We are using Spring JMS with DefaultMessageListenerContainer using AQ JMS with very high volumes and we have spent quite some time on performance tuning. Finally we have found our silver (or at least copper) bullet: client-side waits.
The problem is how AQ handles receiveTimeout. If there are 100 threads waiting for a new message on a queue they consume virtually no resources as long as there is nothing to read. However, if a single message is posted all 100 threads try to get it, issuing a SQL SELECT statement. One will succeed, the others fail but still consume CPU in the database. As messages are posted this quickly adds up and the database is bogged down by pointless selects. When there is a backlog this is no issue, but when consumers keep up with producers it kills the database and eats resources that would be needed elsewhere.
We subclassed DefaultMessageListenerContainer and added a clientPollingDelay parameter. A receive call with a null message would sleep for clientPollingDelay milliseconds before proceeding. That improved our overall performance immensely. Our current implementation (subclassing and overriding a protected method) is not ideal, as it puts the delay inside a transaction. I will submit a pull request with a better option. The main point is to move the sleep from the database (JMS provider) to the application server (JMS client) as that works much better with AQ.
This is of major importance for us, but as we have a solution in place I have classified the issue as a minor one.
#18774 DefaultMessageListenerContainer doesn't shutdown gracefully if long recovery interval is set
#18786 Support non-blocking receiveTimeout in AbstractPollingMessageListenerContainer
So for the time being, you're overriding receiveAndExecute accordingly? Looks like this is even doable with the delay outside the transaction, in contrast to when overriding doReceiveAndExecute?
I'd generally like to stay away from Thread.sleep() calls in the core listener container, since #18774 just removed the last one we had there... the problem being that sleep calls do not react to notifyAll signals on shutdown. When kept short enough, such sleeps may be roughly equivalent to blocking receive calls, but receive calls can at least react to resource interruptions underneath, whereas a sleep is just generally blocking. For a short delay, a bounded wait call on the lifecycle monitor might be a worthwhile alternative to a sleep call. For a non-trivial sleep period, I'd even rather let the current task end and reschedule the invoker with a delay, returning its thread to the pool for that period. Of course, the actual benefits/effects depend a lot on the thread pool setup in any case, in interaction with the resource driver.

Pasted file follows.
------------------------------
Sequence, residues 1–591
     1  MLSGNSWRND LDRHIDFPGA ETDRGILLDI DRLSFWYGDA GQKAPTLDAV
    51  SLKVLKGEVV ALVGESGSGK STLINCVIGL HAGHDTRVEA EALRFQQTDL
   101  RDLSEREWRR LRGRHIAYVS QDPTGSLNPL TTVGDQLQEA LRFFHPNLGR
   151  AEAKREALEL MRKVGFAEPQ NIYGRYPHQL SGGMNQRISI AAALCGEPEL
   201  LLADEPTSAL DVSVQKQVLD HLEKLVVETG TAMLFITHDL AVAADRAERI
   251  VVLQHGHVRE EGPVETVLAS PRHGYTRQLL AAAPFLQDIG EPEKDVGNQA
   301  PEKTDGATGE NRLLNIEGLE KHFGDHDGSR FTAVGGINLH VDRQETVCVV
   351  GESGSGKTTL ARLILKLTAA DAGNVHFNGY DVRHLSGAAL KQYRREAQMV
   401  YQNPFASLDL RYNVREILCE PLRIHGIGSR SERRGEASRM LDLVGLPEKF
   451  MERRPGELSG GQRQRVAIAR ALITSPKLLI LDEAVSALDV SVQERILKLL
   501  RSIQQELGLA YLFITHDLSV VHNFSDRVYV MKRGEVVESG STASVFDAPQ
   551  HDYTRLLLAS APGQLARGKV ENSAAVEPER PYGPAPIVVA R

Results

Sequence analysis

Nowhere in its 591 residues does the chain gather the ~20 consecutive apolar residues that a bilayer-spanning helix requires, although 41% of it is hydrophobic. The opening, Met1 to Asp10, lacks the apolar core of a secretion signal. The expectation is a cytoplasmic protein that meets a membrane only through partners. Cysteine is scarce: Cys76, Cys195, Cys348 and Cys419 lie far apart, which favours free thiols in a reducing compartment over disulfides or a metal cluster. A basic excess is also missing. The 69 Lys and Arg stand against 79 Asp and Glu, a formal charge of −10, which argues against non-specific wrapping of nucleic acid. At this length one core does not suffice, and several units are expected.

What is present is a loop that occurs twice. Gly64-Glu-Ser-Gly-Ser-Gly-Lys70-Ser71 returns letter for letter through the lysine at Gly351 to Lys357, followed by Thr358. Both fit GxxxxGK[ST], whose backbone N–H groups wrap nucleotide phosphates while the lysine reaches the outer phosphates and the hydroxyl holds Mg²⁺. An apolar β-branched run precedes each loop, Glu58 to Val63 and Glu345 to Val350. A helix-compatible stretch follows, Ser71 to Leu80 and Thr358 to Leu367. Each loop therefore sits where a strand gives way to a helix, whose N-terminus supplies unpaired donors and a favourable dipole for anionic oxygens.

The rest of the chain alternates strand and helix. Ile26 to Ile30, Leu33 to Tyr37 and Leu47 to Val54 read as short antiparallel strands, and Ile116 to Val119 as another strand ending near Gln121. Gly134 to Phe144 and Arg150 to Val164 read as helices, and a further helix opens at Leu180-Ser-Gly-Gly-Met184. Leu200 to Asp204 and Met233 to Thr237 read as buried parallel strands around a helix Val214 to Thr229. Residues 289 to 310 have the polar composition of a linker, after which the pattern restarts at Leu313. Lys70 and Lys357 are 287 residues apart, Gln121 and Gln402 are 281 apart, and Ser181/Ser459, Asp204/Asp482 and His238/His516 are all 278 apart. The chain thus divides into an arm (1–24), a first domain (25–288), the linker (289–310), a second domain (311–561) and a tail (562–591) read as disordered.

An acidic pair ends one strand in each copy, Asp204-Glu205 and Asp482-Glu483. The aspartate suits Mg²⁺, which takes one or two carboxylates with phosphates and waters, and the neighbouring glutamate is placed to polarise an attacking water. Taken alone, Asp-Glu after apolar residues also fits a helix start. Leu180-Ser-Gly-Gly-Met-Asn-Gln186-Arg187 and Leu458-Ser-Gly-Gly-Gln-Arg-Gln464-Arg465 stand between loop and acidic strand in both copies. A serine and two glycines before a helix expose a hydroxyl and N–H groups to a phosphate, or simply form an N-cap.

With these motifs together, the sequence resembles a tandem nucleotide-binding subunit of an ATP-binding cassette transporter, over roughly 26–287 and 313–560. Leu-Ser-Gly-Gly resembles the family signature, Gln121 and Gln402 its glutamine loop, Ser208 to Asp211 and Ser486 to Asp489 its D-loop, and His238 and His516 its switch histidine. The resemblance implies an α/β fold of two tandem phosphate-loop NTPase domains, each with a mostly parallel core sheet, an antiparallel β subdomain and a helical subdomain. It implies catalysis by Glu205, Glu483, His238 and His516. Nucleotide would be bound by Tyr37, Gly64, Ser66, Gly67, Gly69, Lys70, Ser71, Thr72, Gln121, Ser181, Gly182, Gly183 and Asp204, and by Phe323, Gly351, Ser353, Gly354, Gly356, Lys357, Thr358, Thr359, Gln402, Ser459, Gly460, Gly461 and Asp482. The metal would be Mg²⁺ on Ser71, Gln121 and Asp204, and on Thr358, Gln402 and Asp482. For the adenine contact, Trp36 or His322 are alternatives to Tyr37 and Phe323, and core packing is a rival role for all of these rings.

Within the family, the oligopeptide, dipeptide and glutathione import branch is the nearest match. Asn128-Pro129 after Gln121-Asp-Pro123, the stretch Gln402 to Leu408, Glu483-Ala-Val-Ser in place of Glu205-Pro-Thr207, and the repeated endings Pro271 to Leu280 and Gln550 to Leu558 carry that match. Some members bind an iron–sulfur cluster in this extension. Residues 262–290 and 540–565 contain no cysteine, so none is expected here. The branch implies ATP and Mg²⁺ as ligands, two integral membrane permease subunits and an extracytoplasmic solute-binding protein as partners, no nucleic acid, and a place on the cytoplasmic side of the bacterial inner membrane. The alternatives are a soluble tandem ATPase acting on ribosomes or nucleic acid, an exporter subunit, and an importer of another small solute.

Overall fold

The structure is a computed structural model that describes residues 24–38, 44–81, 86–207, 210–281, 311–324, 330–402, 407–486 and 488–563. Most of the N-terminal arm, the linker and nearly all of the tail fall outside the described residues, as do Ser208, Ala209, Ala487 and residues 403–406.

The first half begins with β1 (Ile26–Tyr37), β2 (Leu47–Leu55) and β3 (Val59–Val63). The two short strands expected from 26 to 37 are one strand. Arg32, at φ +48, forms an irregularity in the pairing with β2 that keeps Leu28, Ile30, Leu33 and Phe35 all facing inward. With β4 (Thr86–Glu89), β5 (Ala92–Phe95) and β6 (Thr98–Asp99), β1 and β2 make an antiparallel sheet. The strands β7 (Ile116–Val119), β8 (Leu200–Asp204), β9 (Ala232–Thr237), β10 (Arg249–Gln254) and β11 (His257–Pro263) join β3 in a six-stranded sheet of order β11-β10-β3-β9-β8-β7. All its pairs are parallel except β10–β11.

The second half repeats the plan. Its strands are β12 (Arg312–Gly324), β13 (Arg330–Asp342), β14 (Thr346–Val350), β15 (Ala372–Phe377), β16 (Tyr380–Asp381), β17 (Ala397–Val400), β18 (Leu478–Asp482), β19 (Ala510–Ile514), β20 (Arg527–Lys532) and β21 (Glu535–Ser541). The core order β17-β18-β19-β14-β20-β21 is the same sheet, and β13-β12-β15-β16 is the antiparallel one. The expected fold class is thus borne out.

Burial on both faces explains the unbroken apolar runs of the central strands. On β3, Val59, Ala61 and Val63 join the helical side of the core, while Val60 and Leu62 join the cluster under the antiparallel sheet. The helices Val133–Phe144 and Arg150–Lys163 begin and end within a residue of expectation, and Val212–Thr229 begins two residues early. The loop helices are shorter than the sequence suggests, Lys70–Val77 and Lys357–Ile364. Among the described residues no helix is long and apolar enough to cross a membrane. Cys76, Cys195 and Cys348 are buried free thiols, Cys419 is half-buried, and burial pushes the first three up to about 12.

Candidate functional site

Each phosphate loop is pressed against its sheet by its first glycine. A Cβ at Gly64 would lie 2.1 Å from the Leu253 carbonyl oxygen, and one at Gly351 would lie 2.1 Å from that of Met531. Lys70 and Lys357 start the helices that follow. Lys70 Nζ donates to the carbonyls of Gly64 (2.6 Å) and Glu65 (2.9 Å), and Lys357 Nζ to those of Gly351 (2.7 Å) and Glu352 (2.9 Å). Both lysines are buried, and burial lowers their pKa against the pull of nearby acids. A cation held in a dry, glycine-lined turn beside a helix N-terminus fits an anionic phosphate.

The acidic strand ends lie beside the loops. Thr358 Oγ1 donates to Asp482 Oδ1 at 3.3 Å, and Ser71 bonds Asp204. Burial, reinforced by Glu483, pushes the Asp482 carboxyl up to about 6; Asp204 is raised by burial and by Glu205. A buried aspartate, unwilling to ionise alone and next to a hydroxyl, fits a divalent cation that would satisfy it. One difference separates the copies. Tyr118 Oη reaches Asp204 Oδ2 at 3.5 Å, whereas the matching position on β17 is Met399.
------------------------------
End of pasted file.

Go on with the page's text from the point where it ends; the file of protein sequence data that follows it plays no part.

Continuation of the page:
All in all, there is nothing wrong with your solution in your scenario. I'm just wondering whether we should turn that particular approach into a first-class feature in the core listener container implementation. There are so many variants for JMS listener setup already... DefaultMessageListenerContainer's extensibility might be the actual key feature here, not adding even more configuration properties.
A long client-side delay would be bad, it is better to ramp down if there is nothing to read for extended periods. We are using 100 ms in our setup. That works well for our workload. A bounded sleep for up to 500 ms (or whatever) on the lifecycle monitor is certainly a reasonable alternative. If you wish I can modify the pull request in that direction?
If not I can buy your reasoning. I think the messaging classes are very extensible, I had no problems fixing this with a subclass. One advantage of getting it into the core framework is that it makes it visible. We spent quite some time before we found this silver bullet and it really makes a huge difference for our performance. If we had seen the option when we looked at the API we would have tested it much earlier.
How about a subclass that is included out of the box? That would still make it visible in the JavaDocs, but it would not affect DefaultMessageListenerContainer?
The related PR has been closed and this didn't proposal didn't get a lot of traction so I suggest to close this one as well. If there is something that prevents a sub-class to do this we can adapt the core API to make that easier.